When Watership Down was released, the film was very successful at the box office. According to financier Jake Eberts, the investors who put up the $50,000 development finance "got their money back with interest, plus an additional $450,000, making a total of ten times their investment".[18] Other investors in the film reportedly received a return of 5,000% on their investment.[19]


Picture book

A picture book adaptation was also produced, titled The Watership Down Film Picture Book. Two editions of the book were published, one a hardcover, the other a reinforced cloth-bound edition. The contents include film stills linked with a combination of narration and extracts from the script, as well as a preface by Adams and a foreword by Rosen.[citation needed]

Home media releases

Watership Down was initially released on VHS in the UK by Thorn EMI Video, then later by Guild Home Video and later by PolyGram Video. It was given a DVD release in 2001 by Universal Pictures Home Entertainment and another in 2005 from Warner Home Video.

In the US, Watership Down was first released on CED in 1981 and was given a VHS release in 1983 by Warner Home Video. The film was re-released a number of times on VHS in the US by Warner Home Video, including through their Warner Bros. Classic Tales label, and was released on DVD in the US in 2002[20] and again in 2008. The 2002 DVD release was later duplicated for Warner Bros' 2005 DVD release in the UK, with the only difference being the film being converted to PAL format.

A UK Blu-ray for the film was planned to be released in 2010 but, due to a rights dispute between Euro-London Films, Universal Pictures, and Warner Bros., the release was canceled. Warner eventually put out a BD release in Germany, where it held distribution rights. The UK Blu-ray was eventually released in 2013 by Universal using the same HD master as on Warner's 2008 DVD and 2011 German Blu-ray release. In 2014, Euro-London Films acquired the remaining US rights from Warner Bros. (who had held US distribution rights since the 1980s) and licensed the film to The Criterion Collection for release on DVD, Blu-ray and streaming in 2015 and Janus Films for theatrical repertory runs.


  1. ^ "Watership Down". British Board of Film Classification. Archived from the original on 28 December 2019.
  2. ^ "Watership Down". British Board of Film Classification. Retrieved 5 March 2022.
  3. ^ "Watership Down (1978)". British Film Institute. Retrieved 28 December 2017.
  4. ^ Lenburg, Jeff (1999). The Encyclopedia of Animated Cartoons. Checkmark Books. p. 212. ISBN 0-8160-3831-7. Retrieved 6 June 2020.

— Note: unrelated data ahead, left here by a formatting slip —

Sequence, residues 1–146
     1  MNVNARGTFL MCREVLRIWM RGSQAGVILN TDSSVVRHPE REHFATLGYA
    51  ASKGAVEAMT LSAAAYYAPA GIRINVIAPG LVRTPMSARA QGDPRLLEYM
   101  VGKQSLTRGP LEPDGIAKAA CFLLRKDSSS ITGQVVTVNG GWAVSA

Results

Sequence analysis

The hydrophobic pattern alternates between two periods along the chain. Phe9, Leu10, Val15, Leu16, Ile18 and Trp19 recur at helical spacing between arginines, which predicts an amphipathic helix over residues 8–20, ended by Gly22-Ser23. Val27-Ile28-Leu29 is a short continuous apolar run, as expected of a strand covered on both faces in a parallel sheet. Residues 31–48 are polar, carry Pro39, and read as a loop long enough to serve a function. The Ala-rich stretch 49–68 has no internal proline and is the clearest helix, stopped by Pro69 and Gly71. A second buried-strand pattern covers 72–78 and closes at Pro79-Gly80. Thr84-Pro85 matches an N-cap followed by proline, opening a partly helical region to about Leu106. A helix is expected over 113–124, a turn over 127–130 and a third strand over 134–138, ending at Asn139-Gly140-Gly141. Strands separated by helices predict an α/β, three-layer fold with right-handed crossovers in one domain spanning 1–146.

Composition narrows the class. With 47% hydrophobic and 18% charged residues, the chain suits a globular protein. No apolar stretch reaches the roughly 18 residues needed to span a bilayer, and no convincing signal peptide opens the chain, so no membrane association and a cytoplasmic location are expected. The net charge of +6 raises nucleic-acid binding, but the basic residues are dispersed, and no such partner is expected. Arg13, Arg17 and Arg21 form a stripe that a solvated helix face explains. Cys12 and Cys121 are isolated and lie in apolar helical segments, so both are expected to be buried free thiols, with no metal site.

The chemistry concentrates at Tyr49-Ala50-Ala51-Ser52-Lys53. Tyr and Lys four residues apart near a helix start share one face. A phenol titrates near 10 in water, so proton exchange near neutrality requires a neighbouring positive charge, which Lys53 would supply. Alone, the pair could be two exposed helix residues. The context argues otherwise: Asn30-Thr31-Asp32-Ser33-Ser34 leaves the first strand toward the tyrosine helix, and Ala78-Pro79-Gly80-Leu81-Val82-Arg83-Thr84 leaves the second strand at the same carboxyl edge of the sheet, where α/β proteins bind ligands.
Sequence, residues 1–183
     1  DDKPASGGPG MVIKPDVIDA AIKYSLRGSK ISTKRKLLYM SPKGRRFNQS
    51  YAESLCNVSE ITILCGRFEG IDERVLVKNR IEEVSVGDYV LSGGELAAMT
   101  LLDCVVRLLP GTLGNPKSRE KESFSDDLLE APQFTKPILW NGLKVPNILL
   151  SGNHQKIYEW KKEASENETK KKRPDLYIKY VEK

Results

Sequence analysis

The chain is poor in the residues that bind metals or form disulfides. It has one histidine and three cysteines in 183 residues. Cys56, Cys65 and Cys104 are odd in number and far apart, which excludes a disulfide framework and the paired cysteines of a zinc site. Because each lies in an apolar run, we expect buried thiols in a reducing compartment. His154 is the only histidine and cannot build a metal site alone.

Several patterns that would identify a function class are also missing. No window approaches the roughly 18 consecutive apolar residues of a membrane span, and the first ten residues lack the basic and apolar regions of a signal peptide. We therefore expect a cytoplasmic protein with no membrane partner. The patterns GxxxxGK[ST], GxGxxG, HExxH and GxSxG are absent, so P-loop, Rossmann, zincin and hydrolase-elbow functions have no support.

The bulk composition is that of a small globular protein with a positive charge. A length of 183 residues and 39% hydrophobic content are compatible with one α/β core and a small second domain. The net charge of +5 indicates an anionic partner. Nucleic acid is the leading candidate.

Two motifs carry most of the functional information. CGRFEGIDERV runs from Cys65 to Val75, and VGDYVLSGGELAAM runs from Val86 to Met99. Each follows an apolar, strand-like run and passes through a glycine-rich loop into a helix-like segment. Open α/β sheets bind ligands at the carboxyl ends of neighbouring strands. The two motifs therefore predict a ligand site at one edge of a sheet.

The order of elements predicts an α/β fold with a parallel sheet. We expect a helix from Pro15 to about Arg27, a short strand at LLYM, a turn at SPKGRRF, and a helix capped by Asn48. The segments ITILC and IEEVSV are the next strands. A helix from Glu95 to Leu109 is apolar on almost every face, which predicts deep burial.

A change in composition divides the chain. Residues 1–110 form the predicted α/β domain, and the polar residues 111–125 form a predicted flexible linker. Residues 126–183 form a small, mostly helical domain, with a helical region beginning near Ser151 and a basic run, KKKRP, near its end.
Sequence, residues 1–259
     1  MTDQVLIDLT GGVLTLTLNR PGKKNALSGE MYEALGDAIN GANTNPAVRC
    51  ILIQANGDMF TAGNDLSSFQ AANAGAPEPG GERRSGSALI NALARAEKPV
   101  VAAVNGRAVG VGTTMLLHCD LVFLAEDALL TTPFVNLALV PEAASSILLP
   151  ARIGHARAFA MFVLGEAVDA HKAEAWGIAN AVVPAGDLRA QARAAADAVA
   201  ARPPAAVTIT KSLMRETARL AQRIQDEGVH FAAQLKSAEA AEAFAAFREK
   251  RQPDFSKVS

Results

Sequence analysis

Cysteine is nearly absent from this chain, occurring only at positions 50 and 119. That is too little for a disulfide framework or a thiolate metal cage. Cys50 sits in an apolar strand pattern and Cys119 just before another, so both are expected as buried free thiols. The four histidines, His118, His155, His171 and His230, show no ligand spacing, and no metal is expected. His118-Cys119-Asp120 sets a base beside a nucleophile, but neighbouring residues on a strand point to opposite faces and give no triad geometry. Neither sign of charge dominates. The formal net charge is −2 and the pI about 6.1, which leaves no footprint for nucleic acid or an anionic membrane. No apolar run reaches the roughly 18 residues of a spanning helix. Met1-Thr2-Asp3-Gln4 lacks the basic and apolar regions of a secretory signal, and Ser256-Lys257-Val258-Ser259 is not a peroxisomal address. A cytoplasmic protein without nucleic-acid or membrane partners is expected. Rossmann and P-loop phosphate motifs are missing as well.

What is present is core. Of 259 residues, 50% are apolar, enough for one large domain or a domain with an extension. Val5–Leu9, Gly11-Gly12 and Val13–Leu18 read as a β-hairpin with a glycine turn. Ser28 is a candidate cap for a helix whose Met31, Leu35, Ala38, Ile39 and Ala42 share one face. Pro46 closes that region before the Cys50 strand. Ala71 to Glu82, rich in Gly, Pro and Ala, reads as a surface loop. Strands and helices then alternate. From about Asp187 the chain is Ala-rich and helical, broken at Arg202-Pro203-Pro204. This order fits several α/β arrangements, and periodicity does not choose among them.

5. ^ "Watership Down". Toonhound. Retrieved 18 December 2006.
  6. ^ Boston, Richard (6 August 1976). "Against the totalitarian military machines of the Axis powers is pitted a civilian army of docent, easy-going, liberal English rabbits who believe in parliamentary democracy. . ': Richard Boston, in his fifth article, reflects on the extraordinary success story of a children's book read by adults, a novel read by people who don't normally read novels". The Guardian. p. 10.
  7. ^ Eberts pp. 11–12
  8. ^ Eberts p 14
  9. ^ "'Watership Down' Goes Avemb; Pending For N.Y. Film Festival". Variety. 31 May 1978. p. 44.
  10. ^ BBFC Examiners Report 15 February 1978
  11. ^ "From the Archive… viewing a "repressive rabbit regime" « British Board of Film Classification". Archived from the original on 9 April 2012. Retrieved 29 March 2016.{{cite web}}: CS1 maint: bot: original URL status unknown (link)
  12. ^ "Angela Morley – Watership Down cue sheets". Retrieved 29 March 2016.
  13. ^ "Angela Morley – Watership Down music cues (page 1)". Retrieved 29 March 2016.
  14. ^ "Watership Down". Rotten Tomatoes. Fandango. Retrieved 7 October 2021. Edit this at Wikidata
  15. ^ Watership Down (1978) Reviews - Metacritic, retrieved 16 August 2021
  16. ^ "How Watership Down terrified an entire generation". The Independent. 20 October 2018. Retrieved 22 March 2021.
  17. ^ "1979 Hugo Awards". The Hugo Awards. 26 July 2007. Retrieved 25 December 2018.
  18. ^ Eberts pp. 17–18
  19. ^ Alexander Walker, Icons in the Fire: The Rise and Fall of Practically Everyone in the British Film Industry 1984–2000, Orion Books, 2005 p6
  20. ^ "On 26 March, the Enchanting Watership Down Becomes Available on DVD for the First Time Ever". Business Wire. Berkshire Hathaway. 14 December 2001. Archived from the original on 21 December 2001. Retrieved 4 August 2019 – via


  • Eberts, Jake; Illott, Terry (1990). My indecision is final. Faber and Faber.

External links